Polkadot is an implementation of a node for the Polkadot network written in Rust. In this post, we’re going to go from an unbuilt codebase to a secure systemd service.

The Polkadot client consists of a single binary file. It is executed and configured with a variety of command-line flags. Users can choose to either compile the binary themselves or fetch a pre-compiled binary from our releases page. A common way to run a polkadot node is to copy this binary to /usr/local/bin and have a systemd service file that executes the binary with whatever command-line flags are desired. While there are guides and advice on how to run a Polkadot node (such as the fantastic Secure Validator Setup), there are no assumptions or expectations about how to invoke the binary.

Building Polkadot

Detailed instructions on how to build the polkadot binary can be found in the repository’s README.md.

Creating and securing a systemd service file

Basic Systemd Service

The majority of modern Linux distributions use systemd as their init system. Systemd allows us to write what it calls ‘service files’ in order to run programs as services (also known as daemons). Running the program as a systemd service means we can offload things such as logging, error handling, etc to systemd and not worry about them too much ourselves.

The most basic systemd service file for running polkadot looks like this:

[Unit]
Description=Polkadot node

[Service]
ExecStart=/usr/local/bin/polkadot

[Install]
WantedBy=multi-user.target

This will simply execute the polkadot binary with no additional command-line flags. This gives us the advantage of logging output to journald and allows us to control the service with systemctl, but there are plenty of improvements that can be made. Let’s start with a few small ones.

[Unit]
Description=Polkadot Node
After=network.target
Documentation=https://github.com/paritytech/polkadot

[Service]
EnvironmentFile=-/etc/default/polkadot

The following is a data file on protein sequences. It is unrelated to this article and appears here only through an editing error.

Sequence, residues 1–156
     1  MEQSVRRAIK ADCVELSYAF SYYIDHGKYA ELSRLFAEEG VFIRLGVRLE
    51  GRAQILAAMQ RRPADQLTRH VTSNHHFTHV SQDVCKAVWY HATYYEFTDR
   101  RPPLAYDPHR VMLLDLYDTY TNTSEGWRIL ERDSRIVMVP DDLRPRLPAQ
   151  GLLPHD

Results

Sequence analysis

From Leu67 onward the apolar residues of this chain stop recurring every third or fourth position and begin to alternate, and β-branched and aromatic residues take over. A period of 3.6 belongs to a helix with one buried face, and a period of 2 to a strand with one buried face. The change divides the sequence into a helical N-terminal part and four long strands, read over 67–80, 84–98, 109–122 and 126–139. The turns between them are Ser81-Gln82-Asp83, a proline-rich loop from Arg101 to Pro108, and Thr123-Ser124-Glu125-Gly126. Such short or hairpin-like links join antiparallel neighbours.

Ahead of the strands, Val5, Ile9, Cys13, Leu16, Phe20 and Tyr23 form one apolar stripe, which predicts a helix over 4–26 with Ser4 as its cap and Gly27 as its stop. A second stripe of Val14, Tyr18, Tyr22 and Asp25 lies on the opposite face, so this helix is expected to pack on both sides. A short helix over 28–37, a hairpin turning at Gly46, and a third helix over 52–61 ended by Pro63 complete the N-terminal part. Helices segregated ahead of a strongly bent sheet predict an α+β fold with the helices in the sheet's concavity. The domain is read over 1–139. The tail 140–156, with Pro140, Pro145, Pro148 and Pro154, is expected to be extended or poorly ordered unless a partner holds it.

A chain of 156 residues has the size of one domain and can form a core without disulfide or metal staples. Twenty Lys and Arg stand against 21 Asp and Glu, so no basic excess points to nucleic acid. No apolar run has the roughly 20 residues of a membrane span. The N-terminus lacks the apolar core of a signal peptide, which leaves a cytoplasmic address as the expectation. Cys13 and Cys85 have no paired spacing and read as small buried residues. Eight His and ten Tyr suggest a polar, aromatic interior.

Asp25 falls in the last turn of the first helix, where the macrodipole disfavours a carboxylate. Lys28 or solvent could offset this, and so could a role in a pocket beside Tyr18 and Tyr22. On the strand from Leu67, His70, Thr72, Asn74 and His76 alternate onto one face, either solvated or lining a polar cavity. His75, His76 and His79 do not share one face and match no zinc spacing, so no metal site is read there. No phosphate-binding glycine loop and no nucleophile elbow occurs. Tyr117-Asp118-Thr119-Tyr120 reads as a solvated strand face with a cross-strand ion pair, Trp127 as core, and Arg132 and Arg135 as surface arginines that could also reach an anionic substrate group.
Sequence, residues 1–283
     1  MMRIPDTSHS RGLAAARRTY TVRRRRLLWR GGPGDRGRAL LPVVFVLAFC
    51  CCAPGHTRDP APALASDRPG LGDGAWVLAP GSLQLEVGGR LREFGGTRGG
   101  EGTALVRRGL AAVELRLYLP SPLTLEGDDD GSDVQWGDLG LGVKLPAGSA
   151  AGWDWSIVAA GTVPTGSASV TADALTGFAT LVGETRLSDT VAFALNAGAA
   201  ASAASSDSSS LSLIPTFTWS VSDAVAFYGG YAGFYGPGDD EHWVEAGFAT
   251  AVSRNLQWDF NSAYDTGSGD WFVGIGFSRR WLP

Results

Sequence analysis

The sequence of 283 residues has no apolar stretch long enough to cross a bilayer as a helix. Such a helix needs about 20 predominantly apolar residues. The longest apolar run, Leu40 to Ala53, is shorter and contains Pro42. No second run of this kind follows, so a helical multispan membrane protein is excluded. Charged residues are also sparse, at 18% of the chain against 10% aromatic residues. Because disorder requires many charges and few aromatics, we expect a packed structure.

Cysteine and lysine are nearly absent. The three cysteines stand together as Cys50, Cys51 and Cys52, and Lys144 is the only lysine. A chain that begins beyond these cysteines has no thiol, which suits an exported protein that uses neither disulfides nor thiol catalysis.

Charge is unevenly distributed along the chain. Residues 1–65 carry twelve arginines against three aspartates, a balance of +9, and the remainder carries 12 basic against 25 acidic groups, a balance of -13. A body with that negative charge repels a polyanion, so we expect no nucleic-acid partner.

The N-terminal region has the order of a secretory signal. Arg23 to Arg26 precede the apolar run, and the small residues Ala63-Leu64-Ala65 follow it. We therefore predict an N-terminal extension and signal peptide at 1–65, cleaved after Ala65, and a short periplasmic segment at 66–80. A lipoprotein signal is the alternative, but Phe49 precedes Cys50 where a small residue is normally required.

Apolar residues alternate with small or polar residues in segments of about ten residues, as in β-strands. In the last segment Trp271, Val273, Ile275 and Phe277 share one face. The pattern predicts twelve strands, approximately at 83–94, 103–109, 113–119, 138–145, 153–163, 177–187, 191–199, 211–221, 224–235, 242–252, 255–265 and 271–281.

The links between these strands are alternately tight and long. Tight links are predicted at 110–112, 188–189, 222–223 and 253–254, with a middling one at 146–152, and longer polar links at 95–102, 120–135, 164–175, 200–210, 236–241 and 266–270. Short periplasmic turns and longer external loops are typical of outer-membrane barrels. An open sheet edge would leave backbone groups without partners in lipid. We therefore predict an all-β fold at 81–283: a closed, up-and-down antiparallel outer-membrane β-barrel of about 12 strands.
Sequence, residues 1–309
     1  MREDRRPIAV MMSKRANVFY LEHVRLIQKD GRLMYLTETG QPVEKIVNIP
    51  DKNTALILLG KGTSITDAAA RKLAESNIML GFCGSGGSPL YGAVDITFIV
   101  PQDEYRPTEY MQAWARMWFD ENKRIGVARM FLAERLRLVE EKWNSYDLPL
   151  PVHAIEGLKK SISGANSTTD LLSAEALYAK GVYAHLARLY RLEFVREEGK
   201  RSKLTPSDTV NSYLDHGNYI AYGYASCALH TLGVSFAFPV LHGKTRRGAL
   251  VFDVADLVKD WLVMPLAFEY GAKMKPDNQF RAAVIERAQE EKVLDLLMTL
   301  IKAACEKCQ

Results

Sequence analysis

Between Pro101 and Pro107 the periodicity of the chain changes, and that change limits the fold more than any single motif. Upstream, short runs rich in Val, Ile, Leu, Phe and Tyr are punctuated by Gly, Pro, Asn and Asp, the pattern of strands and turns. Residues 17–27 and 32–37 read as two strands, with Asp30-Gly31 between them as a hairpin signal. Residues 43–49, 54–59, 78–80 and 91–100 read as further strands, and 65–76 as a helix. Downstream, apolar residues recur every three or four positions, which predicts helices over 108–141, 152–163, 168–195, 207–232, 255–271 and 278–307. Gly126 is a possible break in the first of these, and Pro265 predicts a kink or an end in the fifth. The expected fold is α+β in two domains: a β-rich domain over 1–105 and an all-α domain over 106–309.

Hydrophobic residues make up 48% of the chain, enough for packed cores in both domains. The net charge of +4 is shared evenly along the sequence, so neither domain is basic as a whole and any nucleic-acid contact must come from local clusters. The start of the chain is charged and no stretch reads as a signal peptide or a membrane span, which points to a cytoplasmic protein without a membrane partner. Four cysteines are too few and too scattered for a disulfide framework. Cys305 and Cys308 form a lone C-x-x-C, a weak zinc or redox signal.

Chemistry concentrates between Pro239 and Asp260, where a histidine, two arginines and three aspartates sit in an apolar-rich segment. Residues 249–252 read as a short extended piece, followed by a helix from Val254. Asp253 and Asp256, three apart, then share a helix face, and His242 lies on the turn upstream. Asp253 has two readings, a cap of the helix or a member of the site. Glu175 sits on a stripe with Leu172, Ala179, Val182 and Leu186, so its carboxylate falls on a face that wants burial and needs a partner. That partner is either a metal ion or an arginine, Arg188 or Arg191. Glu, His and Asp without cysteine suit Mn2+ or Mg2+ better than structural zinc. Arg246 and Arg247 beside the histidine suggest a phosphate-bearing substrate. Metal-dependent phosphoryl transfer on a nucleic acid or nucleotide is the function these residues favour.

ExecStart=/usr/bin/polkadot $POLKADOT_CLI_ARGS
User=polkadot
Group=polkadot
Restart=always
RestartSec=120
MemoryHigh=5400M
MemoryMax=5500M

[Install]
WantedBy=multi-user.target

First, we add the dependency After= which ensures the service only attempts to start after the system’s network is up. We also specify an EnvironmentFile, in which we can specify environment variables that are available to the binary called in ExecStart. Polkadot does not currently have any support for reading its configuration from a config file, but we can use this technique to specify a list of flags on startup. The environment file contains the following as an example.

POLKADOT_CLI_ARGS="--database paritydb --wasm-execution Interpreted"

Flags can be added or removed to this environment variable as needed. Unfortunately, it seems we can’t nest environment variables in this file. So for example, we can’t have something like POLKADOT_CLI_ARGS="--name $(hostname)".

We also specify a user and group to run the service as - by default, the service will run as root. If this can be avoided, it should be. We specify a restart policy for the service - if the program crashes, it will always be restarted but only after a pause of 120 seconds. Finally, we add a restriction on the max memory the process can use - if it hits the MemoryHigh limit, any new memory is heavily reaped. If it hits the MemoryMax limit, the OOM killer will kill the process (thus triggering the aforementioned restart mechanism).

This is a reasonable service file - we have some logic surrounding when to start and restart the service, some basic privilege separation, and users can configure the command-line flags used without having to edit the service file and run systemctl daemon-reload every time. Now we need to make it secure!

Securing the service file

Systemd comes with a wide variety of configurable options that can be applied to services in order to improve the security - From basic things like disallowing the service from gaining superuser privileges, to providing a strict set of system calls the program is allowed to make. In order to find out what improvements are even available, we can use the excellent systemd-analyze tool.